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Catching up (1): Individualism is racist?

Catching up with some must-reads from my blogging hiatus.

As reported by Eugene Volokh on May 17, the Seattle Public Schools’ website identifies the following among various forms of racism:

Cultural Racism:
Those aspects of society that overtly and covertly attribute value and normality to white people and Whiteness, and devalue, stereotype, and label people of color as “other”, different, less than, or render them invisible. Examples of these norms include defining white skin tones as nude or flesh colored, having a future time orientation, emphasizing individualism as opposed to a more collective ideology, defining one form of English as standard, and identifying only Whites as great writers or composers.

I think there is some validity to the criticism of the use of “flesh-colored” to mean the color of “white” flesh. But “a future time orientation” (a phrase that baffled many Volokh readers, and which apparently means an ethos that stresses achievement and progress as well as planning forward)? And “individualism as opposed to a more collective ideology”? Personally, I think “racism” is a pretty good description for the belief that some people, by dint of their race or ethnicity, are forever bound to “collective ideologies” and ill-suited for individualism, or for “future-oriented” progress and achievement — or for proper English.

As for the “racism” of “identifying only White as great writers or composers,” it depends on the context. I concur with Eugene, who writes:

I should say that assuming that only Whites can be great writers or composers is of course indeed racism; but providing a list of the greatest composers and writers that consists only of whites may be perfectly legitimate, depending on your criteria (which could be entirely fair, though not indisputable, criteria) of greatness.

The real racism here comes from the pseudo-multiculturalists who put racial labels on values and ideas.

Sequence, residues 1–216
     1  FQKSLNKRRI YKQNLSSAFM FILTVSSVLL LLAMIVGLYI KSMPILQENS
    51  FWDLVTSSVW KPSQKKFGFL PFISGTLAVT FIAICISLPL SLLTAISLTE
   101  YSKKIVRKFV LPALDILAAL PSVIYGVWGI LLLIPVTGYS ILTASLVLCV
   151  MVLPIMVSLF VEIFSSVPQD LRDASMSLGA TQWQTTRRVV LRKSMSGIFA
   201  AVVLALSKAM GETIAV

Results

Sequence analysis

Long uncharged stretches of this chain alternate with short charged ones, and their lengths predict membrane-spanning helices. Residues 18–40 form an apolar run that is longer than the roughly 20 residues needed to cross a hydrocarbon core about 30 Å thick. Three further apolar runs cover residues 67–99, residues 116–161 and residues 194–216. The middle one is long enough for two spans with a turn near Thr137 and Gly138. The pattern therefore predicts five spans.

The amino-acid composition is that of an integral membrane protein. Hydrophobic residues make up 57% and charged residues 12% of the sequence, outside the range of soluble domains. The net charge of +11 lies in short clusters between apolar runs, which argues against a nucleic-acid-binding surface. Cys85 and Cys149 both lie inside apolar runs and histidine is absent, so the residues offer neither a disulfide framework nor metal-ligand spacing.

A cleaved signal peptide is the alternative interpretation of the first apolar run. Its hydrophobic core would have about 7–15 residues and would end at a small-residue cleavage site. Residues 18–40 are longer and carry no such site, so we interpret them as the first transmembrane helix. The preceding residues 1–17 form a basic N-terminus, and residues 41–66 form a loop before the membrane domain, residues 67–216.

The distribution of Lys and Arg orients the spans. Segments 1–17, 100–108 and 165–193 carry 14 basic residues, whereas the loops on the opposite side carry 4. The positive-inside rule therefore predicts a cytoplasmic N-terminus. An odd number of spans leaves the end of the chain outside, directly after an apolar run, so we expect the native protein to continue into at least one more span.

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Pictures from Israel

My photos from Israel are now up on my website.

A few of my favorites:

A mosque and a church in Acre (Akko), a city held at various times by Jews, Greeks, Romans, Cruaders, and Muslims.

On Ben Yehuda street, a pedestrian mall/shopping center in Jerusalem, the city’s three religions mix, and a sign in a shop window expresses appreciation to foreign visitors.

Ceasarea: Roman-style ruins, a Crusader fortress, Israeli flags (and my father).

Jerusalem: The Armenian quarter and a map of the Armenian genocide on a wall (I saw several of those on a single block).

Jerusalem: Via Dolorosa and the “Christ Prison Shop.”

Jerusalem: the Church of the Holy Sepulchre, believed to stand on the spot where Jesus Christ was crucified and to house the tomb in which he was buried prior to the Resurrection. Recapturing the “Tomb of the Lord” from the infidels was the main objective of the Crusades.

The Western (Wailing) Wall (the women’s prayer section is on the right), and another view of the wall with the golden Dome of the Rock (a famous mosque) behind it.

Seen from the back (not on purpose), the camel handler on the Mount of Olives who complained to our cabdriver that the terrorists had almost ruined his business. Oh, and the camel, of course.

The Damascus gate and the market in the Muslim Quarter.

The Gethsemane Garden, with eight olive trees said to date back to the time of Christ.

The lime rocks and grottoes at Rosh Hanikva.

In Yafo (Jaffa), an unusual monument symbolizing the rebirth of Israel: a tree growing out of an egg-like rock.